Polygon morphology, microtopography and substrate characteristics

The four studied polygons are in different ice wedge degradation states, all showing signs of recent degradation. Most of the ice wedges delineating the polygons are deeply thawed and the resulting troughs are water-filled (Figs. 2, 3). Ice wedges belonging to the same polygon are not necessarily all in the same state of degradation (Figs. 2, 3). This is consistent with findings from the Siberian Arctic, where ridge morphology of low-centred polygons has been found to be highly variable (de Klerk et al. 2011; Donner et al. 2012; Teltewskoi et al. 2016). Jorgenson et al. (2006) observed a series of stages of ice wedge degradation and stabilization in northern Alaska. According to their classification scheme, ice wedges belonging to Herschel, Ptarmigan and Komakuk polygons show intermediate (obvious settlement and shallow standing water) to advanced (deep, water-filled pits) degradation. The ice wedges surrounding Roland Polygon are in a state of advanced degradation to initial stabilization (robust aquatic sedges in shallow water). The presence of higher-order ice wedges within the polygons (Fig. 2) also indicates degrading primary ice wedges. Mackay (1993, 2000) argues that secondary or tertiary ice wedges develop in order to relieve thermal stresses when primary ice wedges become deeply thawed and crack less frequently. Our results strongly suggest that ice wedge degradation is ongoing on the Yukon Coastal Plain and already advanced in some cases.

Continuing ice wedge degradation leads to a relief inversion in low-centred polygons (Jorgenson et al. 2006; French 2007), which ultimately drain the wet low-lying polygon centres through subsurface flow paths (Fortier et al. 2007; Fig. 3a, b). Individual ridges around a polygon may develop differently, but generally the formerly wet to submerged centres will become drier during ice wedge degradation (de Klerk et al. 2011; Donner et al. 2012; Teltewskoi et al. 2016). Deeper thaw in ridges of low-centred polygons has been linked to flow paths of water created by thermal erosion processes (Minke et al. 2009; de Klerk et al. 2011; de Klerk et al. 2014). In our polygons, relative surface height and subsurface water pathways are strongly linked to the relative height of the permafrost table (Fig. 3, Supplementary Table S1).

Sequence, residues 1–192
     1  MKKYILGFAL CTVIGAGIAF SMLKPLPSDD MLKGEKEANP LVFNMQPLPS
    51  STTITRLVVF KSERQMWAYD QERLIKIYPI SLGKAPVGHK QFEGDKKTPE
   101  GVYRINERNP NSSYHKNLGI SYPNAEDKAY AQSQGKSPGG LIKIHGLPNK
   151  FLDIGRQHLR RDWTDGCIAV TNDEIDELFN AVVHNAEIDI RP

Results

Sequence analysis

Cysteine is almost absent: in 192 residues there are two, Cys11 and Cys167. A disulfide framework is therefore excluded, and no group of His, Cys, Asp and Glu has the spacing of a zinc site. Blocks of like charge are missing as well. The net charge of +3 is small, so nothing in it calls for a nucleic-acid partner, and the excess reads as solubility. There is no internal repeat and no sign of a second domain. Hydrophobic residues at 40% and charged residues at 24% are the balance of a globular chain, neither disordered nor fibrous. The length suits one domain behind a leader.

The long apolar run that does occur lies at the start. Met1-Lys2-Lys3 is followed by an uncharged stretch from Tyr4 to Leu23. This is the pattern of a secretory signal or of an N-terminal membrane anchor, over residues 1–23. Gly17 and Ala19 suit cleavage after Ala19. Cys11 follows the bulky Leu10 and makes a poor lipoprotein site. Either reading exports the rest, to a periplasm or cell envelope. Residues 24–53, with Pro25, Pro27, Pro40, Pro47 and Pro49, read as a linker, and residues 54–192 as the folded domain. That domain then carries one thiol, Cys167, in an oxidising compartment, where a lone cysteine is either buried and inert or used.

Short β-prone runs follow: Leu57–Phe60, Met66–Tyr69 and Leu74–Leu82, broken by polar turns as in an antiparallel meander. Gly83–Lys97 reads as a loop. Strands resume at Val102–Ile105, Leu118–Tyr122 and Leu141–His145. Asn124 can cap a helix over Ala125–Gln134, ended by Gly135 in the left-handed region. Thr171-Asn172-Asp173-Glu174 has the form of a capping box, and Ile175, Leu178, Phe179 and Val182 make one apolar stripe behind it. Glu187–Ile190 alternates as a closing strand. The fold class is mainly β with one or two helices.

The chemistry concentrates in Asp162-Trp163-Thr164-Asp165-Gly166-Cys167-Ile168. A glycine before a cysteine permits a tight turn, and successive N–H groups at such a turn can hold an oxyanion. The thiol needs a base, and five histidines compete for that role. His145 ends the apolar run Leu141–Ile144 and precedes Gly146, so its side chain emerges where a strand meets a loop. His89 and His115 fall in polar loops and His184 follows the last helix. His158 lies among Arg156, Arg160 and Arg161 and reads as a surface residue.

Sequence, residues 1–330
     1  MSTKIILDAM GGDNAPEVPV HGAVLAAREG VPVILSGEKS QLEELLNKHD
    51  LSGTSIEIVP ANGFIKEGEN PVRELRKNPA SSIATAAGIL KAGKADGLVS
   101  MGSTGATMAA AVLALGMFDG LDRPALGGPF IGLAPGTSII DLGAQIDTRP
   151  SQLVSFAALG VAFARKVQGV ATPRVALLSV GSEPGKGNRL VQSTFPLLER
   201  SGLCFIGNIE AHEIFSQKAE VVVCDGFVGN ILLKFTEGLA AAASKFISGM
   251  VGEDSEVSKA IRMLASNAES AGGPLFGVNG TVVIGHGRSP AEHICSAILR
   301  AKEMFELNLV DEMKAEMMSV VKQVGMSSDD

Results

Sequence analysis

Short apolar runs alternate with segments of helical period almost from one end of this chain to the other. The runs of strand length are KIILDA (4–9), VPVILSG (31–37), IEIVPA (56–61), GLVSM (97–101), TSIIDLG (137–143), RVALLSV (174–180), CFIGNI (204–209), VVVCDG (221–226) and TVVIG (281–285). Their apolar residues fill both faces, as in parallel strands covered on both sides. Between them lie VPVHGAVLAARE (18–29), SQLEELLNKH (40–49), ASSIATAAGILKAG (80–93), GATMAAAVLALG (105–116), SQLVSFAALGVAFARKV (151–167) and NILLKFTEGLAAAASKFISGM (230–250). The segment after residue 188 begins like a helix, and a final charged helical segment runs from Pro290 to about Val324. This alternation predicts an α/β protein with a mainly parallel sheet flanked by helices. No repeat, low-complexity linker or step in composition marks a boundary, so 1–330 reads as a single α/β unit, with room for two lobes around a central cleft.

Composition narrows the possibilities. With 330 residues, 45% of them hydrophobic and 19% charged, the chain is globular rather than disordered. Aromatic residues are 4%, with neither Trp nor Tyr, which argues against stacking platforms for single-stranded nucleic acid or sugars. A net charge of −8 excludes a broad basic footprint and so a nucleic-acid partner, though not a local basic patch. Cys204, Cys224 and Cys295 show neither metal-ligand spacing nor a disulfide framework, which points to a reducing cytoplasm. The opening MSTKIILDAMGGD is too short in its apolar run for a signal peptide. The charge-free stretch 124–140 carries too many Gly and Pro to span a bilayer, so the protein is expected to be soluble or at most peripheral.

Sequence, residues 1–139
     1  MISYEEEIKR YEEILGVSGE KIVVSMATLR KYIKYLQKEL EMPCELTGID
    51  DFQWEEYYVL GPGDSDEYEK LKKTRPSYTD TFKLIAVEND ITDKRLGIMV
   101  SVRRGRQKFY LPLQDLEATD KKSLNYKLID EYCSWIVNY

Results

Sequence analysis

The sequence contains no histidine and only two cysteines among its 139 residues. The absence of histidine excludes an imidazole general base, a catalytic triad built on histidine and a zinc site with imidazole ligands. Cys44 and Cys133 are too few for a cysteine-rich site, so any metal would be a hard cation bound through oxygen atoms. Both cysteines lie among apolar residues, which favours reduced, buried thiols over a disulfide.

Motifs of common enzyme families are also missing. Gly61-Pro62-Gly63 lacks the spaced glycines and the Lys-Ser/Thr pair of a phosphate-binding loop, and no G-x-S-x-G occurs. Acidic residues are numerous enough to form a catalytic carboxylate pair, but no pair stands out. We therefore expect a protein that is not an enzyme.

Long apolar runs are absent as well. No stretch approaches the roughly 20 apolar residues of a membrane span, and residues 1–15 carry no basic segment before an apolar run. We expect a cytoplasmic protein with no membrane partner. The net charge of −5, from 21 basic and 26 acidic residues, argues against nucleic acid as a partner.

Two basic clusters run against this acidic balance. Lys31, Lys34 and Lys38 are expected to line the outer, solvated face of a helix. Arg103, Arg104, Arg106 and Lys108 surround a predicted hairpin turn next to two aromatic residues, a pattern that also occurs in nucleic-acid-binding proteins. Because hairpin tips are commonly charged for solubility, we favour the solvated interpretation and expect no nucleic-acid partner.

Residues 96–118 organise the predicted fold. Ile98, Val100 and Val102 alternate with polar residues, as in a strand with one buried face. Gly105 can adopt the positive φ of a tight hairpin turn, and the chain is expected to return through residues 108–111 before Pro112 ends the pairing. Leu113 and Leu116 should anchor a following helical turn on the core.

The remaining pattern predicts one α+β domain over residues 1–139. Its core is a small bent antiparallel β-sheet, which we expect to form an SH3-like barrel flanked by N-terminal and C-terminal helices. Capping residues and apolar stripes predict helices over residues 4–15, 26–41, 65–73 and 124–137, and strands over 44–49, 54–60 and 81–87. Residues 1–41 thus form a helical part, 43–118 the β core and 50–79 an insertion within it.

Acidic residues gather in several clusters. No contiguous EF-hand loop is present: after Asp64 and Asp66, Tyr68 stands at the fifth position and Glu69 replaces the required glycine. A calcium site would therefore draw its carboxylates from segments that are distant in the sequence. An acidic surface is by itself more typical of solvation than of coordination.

The substrate characteristics of our surface samples are generally comparable to those of lowland polygonal terrain on the coastal plain of Alaska and in north-east Siberia (Lipson et al. 2010; Donner et al. 2012; Zibulski et al. 2013). We found very low pH values in high-centred polygons and on the elevated ridges of low-centred polygons, and slightly acidic to neutral pH values in low-lying areas (Table 1, Supplementary Table S3). Lipson et al. (2010) and Donner et al. (2012) found a similar negative correlation between pH and relative surface height. Nutrient contents, approximated by electrical conductivity and nitrogen contents, also correlate negatively with relative surface height (Supplementary Table S1). High-centred polygons contain more elevated ground and consequently lower nutrient contents than low-centred polygons (Fig. 6). A change in polygon morphology over much of the Yukon Coastal Plain could therefore lead to changes in soil geochemistry, with a lowering of the pH and a decrease in the amount of available nutrients.